A bit offtopic, but I had dreams several times in the last few months where I was doing active focus :smiley:

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Lol I took your meaning the modern era skill set includes but is not limited to reading through autocorrect fails and typos as if they aren’t even there. I found best success on the full moon, but to be honest with all the rain that was like the only night I have even seen the moon at all since discovered AF. But I know that without glasses in the past it is just a bright blur. There was still a haze typical of light sources for people with myopia but I was able to cut through it enough to see clean round edges and the textures and color variations created by the creators. I’m counting the days to the next full moon and crossing my fingers it won’t be obscured by clouds. Maybe by then I can manage to only see one :joy:

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The subconscious is a funny thing, and it feeds on your daily activities lol

I really like an analogy Jake had in one of his many vids. He said initially, AF is like the autofocus on one of those early digital cameras. It was slow and, could only lock in on something that wasn’t moving, and would sometimes hunt around. As you hone the skill, it gets better and better, and eventually can lock in quickly and track moving objects like a newer high quality camera.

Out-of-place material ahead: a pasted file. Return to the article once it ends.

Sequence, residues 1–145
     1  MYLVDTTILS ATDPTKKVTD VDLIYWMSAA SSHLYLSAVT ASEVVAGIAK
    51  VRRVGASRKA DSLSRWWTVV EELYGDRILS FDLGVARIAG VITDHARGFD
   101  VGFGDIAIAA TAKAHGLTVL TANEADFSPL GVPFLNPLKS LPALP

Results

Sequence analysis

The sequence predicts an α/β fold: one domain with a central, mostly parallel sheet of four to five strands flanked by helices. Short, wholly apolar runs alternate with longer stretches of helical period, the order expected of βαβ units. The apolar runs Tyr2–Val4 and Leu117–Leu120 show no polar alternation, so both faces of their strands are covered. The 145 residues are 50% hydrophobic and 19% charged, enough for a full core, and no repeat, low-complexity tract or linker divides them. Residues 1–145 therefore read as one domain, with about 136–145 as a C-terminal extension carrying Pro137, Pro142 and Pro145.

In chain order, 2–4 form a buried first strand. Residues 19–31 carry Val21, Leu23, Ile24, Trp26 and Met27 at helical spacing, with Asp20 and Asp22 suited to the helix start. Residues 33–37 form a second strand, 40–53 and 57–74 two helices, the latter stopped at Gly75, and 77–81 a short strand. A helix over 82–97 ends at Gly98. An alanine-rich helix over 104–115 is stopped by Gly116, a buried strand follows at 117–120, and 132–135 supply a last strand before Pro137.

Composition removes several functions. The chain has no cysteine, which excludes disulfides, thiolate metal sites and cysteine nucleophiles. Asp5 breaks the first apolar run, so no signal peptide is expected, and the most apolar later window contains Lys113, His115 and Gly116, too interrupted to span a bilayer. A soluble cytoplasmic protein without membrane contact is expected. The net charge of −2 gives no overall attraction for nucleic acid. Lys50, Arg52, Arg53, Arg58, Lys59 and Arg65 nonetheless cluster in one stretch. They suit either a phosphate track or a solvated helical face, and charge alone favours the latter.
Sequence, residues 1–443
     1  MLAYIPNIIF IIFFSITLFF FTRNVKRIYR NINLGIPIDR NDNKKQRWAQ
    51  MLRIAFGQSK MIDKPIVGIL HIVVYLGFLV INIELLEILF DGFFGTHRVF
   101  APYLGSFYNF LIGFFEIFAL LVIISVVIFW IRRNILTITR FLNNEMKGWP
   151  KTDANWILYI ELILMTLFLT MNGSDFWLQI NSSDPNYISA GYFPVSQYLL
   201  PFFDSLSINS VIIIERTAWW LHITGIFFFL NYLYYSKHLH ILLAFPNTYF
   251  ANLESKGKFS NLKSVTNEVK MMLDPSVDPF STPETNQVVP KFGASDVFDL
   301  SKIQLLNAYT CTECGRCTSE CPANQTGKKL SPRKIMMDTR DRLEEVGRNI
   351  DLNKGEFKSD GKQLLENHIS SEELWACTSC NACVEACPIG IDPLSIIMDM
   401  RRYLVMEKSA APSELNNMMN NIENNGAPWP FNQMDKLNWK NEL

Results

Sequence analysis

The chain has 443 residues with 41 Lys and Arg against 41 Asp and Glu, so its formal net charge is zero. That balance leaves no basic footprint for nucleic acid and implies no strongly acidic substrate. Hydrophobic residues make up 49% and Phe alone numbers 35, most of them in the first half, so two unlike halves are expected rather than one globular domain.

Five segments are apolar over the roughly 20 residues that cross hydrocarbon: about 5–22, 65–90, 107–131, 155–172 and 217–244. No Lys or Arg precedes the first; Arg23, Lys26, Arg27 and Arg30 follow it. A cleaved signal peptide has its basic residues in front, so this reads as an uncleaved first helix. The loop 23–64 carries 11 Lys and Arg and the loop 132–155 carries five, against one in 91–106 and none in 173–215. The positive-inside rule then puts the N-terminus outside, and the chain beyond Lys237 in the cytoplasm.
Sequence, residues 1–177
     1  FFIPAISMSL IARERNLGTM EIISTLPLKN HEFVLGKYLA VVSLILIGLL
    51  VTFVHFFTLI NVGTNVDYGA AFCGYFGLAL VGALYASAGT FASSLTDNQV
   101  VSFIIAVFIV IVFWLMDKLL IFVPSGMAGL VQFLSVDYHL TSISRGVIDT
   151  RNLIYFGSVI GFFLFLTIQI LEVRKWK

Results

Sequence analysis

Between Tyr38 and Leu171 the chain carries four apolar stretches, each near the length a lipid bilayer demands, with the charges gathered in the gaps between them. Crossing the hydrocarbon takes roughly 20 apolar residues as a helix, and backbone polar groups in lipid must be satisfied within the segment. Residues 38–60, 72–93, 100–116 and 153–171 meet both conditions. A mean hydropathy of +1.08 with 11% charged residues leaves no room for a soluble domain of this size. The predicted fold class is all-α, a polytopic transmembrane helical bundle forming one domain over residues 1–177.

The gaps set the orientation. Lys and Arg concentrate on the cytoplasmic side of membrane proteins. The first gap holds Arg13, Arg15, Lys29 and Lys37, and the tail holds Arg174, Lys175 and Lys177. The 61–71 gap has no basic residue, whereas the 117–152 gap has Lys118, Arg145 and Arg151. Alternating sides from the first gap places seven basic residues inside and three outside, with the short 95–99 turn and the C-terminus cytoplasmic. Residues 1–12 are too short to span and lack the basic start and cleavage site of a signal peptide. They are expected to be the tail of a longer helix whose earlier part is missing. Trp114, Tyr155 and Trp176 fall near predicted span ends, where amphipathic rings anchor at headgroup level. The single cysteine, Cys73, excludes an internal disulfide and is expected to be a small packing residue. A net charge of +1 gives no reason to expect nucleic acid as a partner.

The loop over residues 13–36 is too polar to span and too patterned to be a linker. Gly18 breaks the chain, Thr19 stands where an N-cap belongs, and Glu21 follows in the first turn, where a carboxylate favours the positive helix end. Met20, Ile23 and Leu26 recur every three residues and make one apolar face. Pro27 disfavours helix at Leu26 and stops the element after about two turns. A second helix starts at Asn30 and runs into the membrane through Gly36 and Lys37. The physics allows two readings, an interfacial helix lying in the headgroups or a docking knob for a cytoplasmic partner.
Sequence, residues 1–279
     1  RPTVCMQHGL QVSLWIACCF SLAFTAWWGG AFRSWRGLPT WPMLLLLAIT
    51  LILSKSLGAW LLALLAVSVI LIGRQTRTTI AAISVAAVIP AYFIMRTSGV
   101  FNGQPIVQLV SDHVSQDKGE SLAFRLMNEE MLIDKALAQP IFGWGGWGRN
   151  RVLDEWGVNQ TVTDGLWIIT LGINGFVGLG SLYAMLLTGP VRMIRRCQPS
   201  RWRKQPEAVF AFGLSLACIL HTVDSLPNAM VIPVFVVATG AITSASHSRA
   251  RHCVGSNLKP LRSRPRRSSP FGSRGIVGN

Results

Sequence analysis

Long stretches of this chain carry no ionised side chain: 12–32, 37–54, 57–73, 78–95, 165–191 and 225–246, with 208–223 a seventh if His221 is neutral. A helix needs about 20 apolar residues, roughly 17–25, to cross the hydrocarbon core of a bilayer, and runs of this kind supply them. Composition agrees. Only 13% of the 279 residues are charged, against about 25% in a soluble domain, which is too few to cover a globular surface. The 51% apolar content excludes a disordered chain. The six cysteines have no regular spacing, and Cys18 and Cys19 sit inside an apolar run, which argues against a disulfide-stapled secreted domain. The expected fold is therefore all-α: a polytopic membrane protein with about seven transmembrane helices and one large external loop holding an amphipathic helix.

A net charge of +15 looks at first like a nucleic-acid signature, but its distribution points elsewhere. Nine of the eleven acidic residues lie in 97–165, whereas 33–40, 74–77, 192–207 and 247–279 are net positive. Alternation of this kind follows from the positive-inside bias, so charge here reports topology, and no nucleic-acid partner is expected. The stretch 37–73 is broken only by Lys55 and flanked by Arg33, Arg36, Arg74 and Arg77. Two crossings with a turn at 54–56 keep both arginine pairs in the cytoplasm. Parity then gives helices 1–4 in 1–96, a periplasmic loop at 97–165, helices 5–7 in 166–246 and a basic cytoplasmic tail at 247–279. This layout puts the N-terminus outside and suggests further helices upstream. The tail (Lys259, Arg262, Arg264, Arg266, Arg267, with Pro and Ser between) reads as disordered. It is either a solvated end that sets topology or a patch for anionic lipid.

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I’ve also found that there are 2 ways of focusing, pusing and pulling.
Usually I noticed that pusing ecomes less effective after some time, and then switch automatically to pulling. It seems as if pulling does te eavy lifting and pusing seems more like maintenance of te current level. Also found tat focusing close and ten far away 'stretces" my distance vision en improves it quickly during te day.

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Yeah! I do the shifting focus too. It is a great warm up for optimum pull. I pick 3-4 points more or less in line with the last being as far as I can see and count up spending twice as long on the far point before bringing it back in, after a few of those my eyes are prime for the best AF

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I active focus in different ways.

  1. Sometimes a stare clears the image up.
  2. By “tracing” around a far off object with the eyes, like a sharp edge of a roof or a window - somehow sharpens the image and decreases the blur.
  3. Looking “through” a signboard to the scenery behind it will bring the letters into focus.
  4. I’ve even have tried talking to and telling my ciliary to relax! To get that stinging, oniony sensation in the eye, so often linked to Active Focus.
  5. Blinking one eye at a time, alternately - this tends to clear up the image in my other eye.
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I’m very new to this site and method, and have yet to investigate active focus of any kind, but I do relate to your moon story. I have always seen three moons with uncorrected eyes, and have learned to live with this SciFi version of the world :smile: